A glimpse into the future of television
Foldable displays are gradually becoming more popular, thanks in part to Samsung’s insistence on having a huge screen in a pocketable gadget. Nonetheless, the company is already working on stretchy screens, and a recent demo at the Global Tech Korea 2021 event demonstrates an intriguing application of the new technology.
Samsung is one of the very few companies that’s constantly innovating in the display space. The Korean tech giant is so proud of its obsession with this technology that it never misses an opportunity to tout its achievements. Behind the hype and enthusiasm it cultivates for fans, there’s a hard truth—the foldable displays in the latest Galaxy Z phones took almost a decade to perfect to the point where they’re starting to attract more attention from consumers.
Stretchable OLED displays are another idea that has been in the works for several years. The last time we had a glimpse of what Samsung was up to with that notion was at the 2017 Society for Information Display trade event. Samsung was promoting a 9.1-inch prototype at the time that could be installed on 3-dimensional surfaces, bent, rolled, or even prodded from behind without losing its capacity to display a crisp image.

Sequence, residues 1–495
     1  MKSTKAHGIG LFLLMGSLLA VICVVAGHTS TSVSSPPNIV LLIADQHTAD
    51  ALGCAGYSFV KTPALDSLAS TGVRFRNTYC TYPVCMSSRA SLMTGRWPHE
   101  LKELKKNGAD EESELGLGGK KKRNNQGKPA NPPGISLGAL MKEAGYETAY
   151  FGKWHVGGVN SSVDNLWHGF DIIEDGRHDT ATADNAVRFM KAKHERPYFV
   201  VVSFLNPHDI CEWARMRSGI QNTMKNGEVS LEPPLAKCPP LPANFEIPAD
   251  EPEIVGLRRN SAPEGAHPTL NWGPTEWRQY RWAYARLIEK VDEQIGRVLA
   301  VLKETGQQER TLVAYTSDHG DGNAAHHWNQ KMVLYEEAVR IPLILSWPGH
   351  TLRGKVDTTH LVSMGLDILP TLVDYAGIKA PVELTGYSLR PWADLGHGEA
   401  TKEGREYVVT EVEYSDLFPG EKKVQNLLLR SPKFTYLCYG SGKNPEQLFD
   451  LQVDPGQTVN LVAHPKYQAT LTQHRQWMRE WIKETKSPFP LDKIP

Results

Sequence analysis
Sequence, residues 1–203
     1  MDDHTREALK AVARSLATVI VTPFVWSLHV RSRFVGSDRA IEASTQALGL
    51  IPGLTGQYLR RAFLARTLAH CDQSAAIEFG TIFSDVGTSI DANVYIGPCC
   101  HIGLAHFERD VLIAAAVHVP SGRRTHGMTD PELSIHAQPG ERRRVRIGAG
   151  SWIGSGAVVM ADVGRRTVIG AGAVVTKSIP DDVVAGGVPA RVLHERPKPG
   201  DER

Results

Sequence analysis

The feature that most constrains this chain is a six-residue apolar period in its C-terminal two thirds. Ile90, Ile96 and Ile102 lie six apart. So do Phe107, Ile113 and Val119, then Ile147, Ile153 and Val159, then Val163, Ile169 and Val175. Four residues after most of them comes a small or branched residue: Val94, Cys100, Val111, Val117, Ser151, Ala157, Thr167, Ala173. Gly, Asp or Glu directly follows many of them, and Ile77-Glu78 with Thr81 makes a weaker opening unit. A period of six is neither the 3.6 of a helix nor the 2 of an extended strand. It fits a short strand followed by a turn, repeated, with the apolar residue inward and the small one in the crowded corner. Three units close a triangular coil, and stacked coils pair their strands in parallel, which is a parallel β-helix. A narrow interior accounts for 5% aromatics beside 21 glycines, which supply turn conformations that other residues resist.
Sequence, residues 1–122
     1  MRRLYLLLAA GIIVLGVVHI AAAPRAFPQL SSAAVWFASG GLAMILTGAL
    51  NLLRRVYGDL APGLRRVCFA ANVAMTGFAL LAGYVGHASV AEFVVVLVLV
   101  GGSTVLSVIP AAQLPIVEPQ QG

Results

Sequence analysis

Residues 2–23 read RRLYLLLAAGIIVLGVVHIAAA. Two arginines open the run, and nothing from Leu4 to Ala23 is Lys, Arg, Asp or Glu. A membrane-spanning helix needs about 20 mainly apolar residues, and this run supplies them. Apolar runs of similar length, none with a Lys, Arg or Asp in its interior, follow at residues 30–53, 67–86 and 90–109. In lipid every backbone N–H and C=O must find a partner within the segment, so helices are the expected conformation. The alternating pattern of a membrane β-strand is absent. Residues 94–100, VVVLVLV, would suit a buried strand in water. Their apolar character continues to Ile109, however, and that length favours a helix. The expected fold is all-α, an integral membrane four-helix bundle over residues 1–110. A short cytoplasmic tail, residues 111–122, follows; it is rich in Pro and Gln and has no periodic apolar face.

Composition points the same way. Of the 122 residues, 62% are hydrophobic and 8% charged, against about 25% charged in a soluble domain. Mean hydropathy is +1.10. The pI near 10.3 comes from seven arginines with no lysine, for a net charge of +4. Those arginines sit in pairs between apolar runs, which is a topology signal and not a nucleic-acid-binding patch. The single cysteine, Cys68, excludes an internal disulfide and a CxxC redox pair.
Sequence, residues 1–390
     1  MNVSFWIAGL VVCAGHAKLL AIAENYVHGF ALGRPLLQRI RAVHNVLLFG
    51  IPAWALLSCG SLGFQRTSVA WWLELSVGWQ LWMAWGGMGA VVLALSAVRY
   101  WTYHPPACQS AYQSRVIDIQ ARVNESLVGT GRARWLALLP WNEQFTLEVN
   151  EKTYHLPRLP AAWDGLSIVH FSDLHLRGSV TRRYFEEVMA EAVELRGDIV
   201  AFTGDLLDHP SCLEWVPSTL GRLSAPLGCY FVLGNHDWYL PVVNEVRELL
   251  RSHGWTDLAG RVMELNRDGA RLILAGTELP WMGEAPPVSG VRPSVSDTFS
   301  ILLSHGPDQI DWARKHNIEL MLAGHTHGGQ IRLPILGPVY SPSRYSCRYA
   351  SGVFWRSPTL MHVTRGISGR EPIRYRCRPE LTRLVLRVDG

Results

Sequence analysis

Since then, the business has been working to improve the underlying technology, and it appears that it has also discovered a new application for it. According to ET News, Samsung Display recently demonstrated a new 13-inch display prototype that can stretch and morph to create the illusion of a 3D presentation while using 2D information as a starting point.
The bubbling lava plume appears to rise and fall before the viewer’s eyes in the video above, communicating texture and motion more convincingly. As spectacular as it appears, it is still a work in progress and will most likely be many years before it is integrated into a commercial product.
Samsung appears to be taking things slowly. While the company has made tremendous progress in designing “free-form” screens that can be “stretched in all directions like elastic bands,” dependability remains a challenge. Fortunately, it appears that the earliest uses will be in wearables and apparel, which is a nice place to begin.